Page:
As a customer experience professional, you focus a lot on the customer. You put the customer on a pedestal. You put the customer front and center. And rightly so; without customers, you have no business. But you have to remember this: in order to deliberately design a customer-centric culture, you must put employees more first. Only when employees have a great experience can customers have a great experience, too.
I write about organizational culture and core values quite often. One of my most recent articles on this topic was about whether or not employees believe in their companies’ core values. In that post, I shared this statistic from Gallup: only 23% of U.S. employees believe that they can apply the core values to their work, while only 27% believe in the values. That’s pretty dismal, and I think I know why that’s the case.
More and more companies are pursuing customer-centered approaches in the context of digital change projects. But where is the customer located in the company? How do I measure his or her behavior? Which feedback sources do we have? How can I analyze and visualize a cross-system journey? And: what do I conclude from this? A new position is created: The Customer Experience Manager ("CX Manager"). People with this job description are faced with a multitude of questions.
What do you think would happen if during an offsite meeting, 6 members of your 10-people strong management team came up with the most brilliant brand and customer strategy on the planet. In fact it was so brilliant, that it would give Apple, Google and Amazon a run for their money. It would go down in history as the best strategy every written.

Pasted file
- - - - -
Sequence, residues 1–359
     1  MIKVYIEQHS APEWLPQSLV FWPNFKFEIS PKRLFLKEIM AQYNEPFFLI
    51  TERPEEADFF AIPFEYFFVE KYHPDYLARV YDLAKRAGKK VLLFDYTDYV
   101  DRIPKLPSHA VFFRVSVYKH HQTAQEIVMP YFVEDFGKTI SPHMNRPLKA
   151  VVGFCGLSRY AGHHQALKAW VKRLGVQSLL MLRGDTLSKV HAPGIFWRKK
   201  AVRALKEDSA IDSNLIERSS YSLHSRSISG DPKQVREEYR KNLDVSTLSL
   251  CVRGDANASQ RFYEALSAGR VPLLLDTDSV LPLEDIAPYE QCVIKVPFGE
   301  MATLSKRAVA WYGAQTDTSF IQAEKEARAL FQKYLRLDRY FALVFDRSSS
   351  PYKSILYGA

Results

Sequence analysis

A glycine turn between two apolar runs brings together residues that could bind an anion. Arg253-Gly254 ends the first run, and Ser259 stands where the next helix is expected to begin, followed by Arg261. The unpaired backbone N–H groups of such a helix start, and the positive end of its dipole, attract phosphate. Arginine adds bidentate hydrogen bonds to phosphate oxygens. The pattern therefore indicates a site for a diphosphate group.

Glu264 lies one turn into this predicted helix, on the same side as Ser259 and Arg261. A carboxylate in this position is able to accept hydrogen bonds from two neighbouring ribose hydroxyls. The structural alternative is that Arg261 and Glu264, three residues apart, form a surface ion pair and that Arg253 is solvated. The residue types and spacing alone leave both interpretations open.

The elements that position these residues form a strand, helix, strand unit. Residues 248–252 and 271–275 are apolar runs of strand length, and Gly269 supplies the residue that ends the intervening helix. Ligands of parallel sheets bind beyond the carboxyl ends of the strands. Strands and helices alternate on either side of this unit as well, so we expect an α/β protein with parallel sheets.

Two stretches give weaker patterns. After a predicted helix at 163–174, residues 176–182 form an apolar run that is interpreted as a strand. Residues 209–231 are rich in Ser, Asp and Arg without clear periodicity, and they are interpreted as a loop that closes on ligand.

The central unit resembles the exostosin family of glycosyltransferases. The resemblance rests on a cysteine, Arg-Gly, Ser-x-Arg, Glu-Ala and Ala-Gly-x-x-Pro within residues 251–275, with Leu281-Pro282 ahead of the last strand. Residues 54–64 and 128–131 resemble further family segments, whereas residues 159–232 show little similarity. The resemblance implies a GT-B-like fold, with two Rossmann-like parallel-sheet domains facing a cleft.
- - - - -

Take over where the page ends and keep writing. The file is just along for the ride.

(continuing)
But then they decided to keep this strategy a secret, only to be shared by the worthy ones. They’d only tell 1 in 4 employees. 1 in 2 managers and none of the other four executive team members who didn’t participate in the off-site.
With whom and how do you socialize customer insights?
You’re listening to customers. You’re combining their feedback with those bread crumbs of data that they leave with every transaction and interaction with your brand. You’ve developed customer personas to better understand who they are, what problems they are trying to solve, and what jobs they need to get done. You’ve mapped their journeys to understand their experience today and their expectations for a better experience tomorrow.